Ecological effects of roads: a review, A Seiler

Tags: Andreas Seiler, Ecological effects, roads, infrastructure, Natur und Landschaft, habitat, fragmentation, traffic intensity, Van Gelder, mortality rates, wildlife areas, vegetation, Environmental Management, Elsevier Science B.V., Journal of Applied Ecology, Abteilung Strassenbau, Florida Department of Transportation, Van Bohemen, disturbance regimes, landscape relief, Edge effects, riparian habitats, Ministry of Transport, Public Works, Journal of Wildlife Management, traffic volumes, core areas, Swedish National Road Administration, wildlife species, public roads, wildlife habitats, road density, Swedish National Rail Administration, traffic volume, Habitat fragmentation, mortality factor, road kills, wildlife habitat, wildlife conservation
Content: Ecological Effects of Roads A review Andreas Seiler
Introductory Research Essay Department of Conservation Biology SLU
No 9 Uppsala 2001
Andreas Seiler: Ecological effects of roads
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Andreas Seiler: Ecological effects of roads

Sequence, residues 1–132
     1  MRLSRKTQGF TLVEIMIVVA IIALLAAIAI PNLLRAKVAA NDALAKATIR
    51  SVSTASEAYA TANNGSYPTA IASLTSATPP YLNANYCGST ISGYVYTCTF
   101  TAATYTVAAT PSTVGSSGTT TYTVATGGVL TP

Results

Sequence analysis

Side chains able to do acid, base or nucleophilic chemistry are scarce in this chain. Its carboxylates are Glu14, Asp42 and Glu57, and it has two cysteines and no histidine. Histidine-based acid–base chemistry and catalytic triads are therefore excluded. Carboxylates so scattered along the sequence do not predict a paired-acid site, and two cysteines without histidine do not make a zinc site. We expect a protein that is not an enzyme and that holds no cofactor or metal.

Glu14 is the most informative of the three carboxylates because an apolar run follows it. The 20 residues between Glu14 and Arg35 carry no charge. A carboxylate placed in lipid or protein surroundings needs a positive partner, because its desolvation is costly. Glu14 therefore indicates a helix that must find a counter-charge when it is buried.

Ecological Effects of Roads Andreas Seiler Grimsц Wildlife Research Station, Dept. of Conservation Biology, University of Agricultural Sciences, S-730 91 Riddarhyttan, Sweden Abstract Habitat fragmentation due to transport infrastructure is receiving growing concern among ecologists and civil engineers. Much data has been gathered that gives evidence of the complex impact of infrastructure on wildlife and landscapes. Roads, railroads, and their traffic disrupt ecological processes; increase mortality in animals, lead to a degradation, loss and isolation of wildlife habitat, and cause a fragmentation of the landscape in a literal sense. Despite the quantity of empirical studies, it is still difficult to draw general conclusions or define impact thresholds that could guide evaluation work. The increasing public demand on mitigation and prevention of environmental impacts strongly requires the development of evaluation tools for civil engineers and ecologists to apply in the planning and construction of transport infrastructure. In this essay, I briefly review the scientific literature on the known ecological effects of transport infrastructure, with special focus on roads. Contents Background........................................................................................................................................... 4 Historic context..................................................................................................................................... 4 Primary ecological effects.................................................................................................................... 7 1 Habitat loss and disturbance ...................................................................................................... 9 1.1 Edge effects and pollution .................................................................................................. 11 1.2 Traffic noise and other disturbances ................................................................................... 12 2 Corridor function ...................................................................................................................... 14 2.1 Roadsides as habitat for wildlife......................................................................................... 14 2.2 Roadsides as movement corridors for wildlife ................................................................... 16 3 Fauna casualties......................................................................................................................... 18 3.1 Ecological significance of road kills................................................................................... 19 3.2 Factors that influence the occurrence of road kills ............................................................. 20 4 Barrier effect.............................................................................................................................. 22 4.1 Evidence from field studies ................................................................................................ 24 4.2 Consequences to populations.............................................................................................. 26 5 Fragmentation ........................................................................................................................... 27 6 Concluding remarks.................................................................................................................. 29 Acknowledgements............................................................................................................................. 30 References ........................................................................................................................................... 30